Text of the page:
•  Location, location, location. Before making a purchase, ask the seller about the seats you will be purchasing with the ticket. Check ticket agencies for views of seating charts and the dates of games, concerts or shows scheduled for the venue. Confirm that the event will take place and that the section, row and seat number on your ticket corresponds with an actual location in the stadium or theater.
  • Report fraud. If you have a problem with an online purchase or charge, try to work it out with the seller first. If you can't resolve the problem or feel you are the victim of a scam, file a complaint with the Oregon Department of Justice, at

For Local Officials: 2014 HAZMAT Response Conference, May 12-15

    Recent articles have highlighted the increased number of trains hauling oil in Oregon. As part of an effort to train local first responders how to respond to an incident involving a hazardous material, including oil, the State Fire Marshal and Oregon Hazardous Materials Response Teams have organized the 2014 Oregon HAZMAT Response Teams Conference in Seaside from May 12 through May 15.

    Details about the conference can be found, here:
To register for the conference, visit: There are a limited number of scholarships and reduced rate opportunities that conference organizers will be reviewing on a case by case basis. Please contact them directly to learn more about those opportunities.

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Highway 36 Exposure Investigation Update

February 11, 2014



EPA has finalized the Quality Assurance Project Plan (QAPP) for the passive air monitors they have been working to develop. They are now testing the monitors under laboratory conditions and hope to deploy them in the investigation area in the fall of this year.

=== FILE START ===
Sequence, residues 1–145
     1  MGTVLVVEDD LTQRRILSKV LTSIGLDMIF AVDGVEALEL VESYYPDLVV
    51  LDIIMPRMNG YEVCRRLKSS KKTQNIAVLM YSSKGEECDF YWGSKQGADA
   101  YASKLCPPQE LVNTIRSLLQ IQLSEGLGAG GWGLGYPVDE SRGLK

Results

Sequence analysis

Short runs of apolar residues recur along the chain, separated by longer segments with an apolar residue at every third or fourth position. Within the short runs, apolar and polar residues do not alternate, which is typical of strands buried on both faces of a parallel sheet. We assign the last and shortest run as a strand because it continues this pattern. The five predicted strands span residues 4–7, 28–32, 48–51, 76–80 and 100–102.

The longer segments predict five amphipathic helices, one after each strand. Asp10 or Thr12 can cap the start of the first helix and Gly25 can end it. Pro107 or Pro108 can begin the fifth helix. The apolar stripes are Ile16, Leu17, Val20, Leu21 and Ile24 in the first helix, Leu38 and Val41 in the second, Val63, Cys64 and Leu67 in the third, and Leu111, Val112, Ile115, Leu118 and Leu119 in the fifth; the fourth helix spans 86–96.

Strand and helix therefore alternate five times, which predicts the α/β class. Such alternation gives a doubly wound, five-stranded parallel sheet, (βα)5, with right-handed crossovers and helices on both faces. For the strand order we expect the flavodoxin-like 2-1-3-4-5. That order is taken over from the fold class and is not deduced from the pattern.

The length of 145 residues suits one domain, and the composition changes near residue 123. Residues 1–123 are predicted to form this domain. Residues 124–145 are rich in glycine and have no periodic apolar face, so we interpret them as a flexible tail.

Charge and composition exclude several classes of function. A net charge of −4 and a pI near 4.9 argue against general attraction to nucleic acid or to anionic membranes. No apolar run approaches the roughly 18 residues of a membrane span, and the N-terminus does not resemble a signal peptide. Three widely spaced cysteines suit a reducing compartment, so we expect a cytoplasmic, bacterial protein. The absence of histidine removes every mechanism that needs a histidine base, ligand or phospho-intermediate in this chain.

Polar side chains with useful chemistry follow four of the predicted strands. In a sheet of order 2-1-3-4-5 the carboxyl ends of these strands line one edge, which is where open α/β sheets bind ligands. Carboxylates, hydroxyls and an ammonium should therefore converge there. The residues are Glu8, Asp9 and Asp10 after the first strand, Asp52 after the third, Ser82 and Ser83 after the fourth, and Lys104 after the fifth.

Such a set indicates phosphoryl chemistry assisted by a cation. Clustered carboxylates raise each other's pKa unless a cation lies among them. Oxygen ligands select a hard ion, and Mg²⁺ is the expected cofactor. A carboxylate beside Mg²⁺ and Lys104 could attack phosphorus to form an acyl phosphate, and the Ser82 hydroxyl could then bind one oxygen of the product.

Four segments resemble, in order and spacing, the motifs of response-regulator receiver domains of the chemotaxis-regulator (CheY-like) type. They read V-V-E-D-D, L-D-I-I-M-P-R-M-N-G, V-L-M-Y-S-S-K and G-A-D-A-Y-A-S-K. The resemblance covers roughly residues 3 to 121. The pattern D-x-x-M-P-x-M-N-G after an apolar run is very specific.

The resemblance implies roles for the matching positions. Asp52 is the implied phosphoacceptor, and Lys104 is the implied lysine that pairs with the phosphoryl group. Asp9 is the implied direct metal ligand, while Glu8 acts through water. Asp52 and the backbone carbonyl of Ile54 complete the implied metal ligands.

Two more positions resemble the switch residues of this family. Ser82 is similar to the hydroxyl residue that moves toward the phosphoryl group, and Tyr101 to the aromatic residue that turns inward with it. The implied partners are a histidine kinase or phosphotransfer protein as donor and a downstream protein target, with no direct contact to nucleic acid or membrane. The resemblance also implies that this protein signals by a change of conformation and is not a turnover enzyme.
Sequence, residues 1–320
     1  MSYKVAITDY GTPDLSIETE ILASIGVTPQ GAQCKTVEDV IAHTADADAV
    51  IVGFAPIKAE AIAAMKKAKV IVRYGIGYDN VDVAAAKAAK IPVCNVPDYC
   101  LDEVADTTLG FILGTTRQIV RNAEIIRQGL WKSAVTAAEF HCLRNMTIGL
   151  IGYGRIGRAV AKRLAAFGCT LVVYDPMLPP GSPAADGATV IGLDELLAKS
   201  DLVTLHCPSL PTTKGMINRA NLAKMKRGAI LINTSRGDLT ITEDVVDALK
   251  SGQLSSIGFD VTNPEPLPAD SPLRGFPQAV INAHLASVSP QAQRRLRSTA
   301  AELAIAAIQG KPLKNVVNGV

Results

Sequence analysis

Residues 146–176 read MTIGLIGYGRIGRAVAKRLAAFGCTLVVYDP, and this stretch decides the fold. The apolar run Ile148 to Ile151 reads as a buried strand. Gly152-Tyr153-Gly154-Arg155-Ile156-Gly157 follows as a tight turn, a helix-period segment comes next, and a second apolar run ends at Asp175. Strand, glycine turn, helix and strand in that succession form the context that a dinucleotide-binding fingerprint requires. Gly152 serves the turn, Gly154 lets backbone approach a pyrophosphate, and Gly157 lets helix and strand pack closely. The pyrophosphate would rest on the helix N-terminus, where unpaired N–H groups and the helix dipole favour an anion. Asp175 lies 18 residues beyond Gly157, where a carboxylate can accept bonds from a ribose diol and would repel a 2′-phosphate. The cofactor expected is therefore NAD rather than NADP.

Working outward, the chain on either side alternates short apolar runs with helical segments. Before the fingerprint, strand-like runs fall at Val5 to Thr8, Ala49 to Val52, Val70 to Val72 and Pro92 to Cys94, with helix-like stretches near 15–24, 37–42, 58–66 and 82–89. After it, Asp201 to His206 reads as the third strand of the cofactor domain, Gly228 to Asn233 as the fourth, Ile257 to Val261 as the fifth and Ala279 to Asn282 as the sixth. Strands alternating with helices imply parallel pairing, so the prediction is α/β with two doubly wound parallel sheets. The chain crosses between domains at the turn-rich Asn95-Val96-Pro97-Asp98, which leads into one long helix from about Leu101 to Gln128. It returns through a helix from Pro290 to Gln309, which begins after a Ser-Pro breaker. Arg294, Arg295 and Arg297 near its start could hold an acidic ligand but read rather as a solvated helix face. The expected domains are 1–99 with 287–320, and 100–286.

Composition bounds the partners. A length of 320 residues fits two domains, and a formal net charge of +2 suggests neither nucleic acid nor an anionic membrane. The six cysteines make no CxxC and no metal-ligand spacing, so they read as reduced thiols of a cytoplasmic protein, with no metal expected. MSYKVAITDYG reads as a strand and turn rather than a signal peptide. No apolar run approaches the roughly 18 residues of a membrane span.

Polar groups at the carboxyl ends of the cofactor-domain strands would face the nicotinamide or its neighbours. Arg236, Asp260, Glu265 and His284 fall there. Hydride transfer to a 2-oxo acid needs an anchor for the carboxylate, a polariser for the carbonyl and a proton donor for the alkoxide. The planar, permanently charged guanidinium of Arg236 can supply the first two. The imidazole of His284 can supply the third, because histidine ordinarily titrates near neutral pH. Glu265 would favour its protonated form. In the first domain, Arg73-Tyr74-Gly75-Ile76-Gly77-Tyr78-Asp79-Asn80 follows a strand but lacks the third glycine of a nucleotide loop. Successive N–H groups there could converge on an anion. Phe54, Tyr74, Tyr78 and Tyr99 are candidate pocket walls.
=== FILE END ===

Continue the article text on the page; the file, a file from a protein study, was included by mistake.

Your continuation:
In other news: EPA’s Pesticide Program is seeking public comment on draft guidance documents for evaluating pesticide spray drift. See the information below, if you are interested in providing comment by March 31st:


EPA Seeks Public Comment on Draft Guidance Documents for Evaluating Pesticide Spray Drift

Proposals Would Further Protect Communities near Fields Where Crops Are Grown

EPA is announcing the availability of two draft guidance documents for public comment. These documents describe how off-site spray drift will be evaluated for ecological and human health risk assessments for pesticides. EPA is seeking to strengthen its protections for people and the environment from exposure to pesticides that drift from fields to nearby areas, including homes, schools and playgrounds. The Agency has a long-standing history of robust, routine assessments on every chemical to protect consumers from pesticide risks from treated food, workers who apply pesticides, and consumers who use pesticides in and around homes. These new approaches add to these routine assessments and will allow the Agency to estimate off-site drift, another step to protect communities living near fields where crops are grown from these exposures.


The 60-day public comment period will close on March 31, 2014.


For more information, see Docket EPA-HQ-OPP-2013-0676-0001 at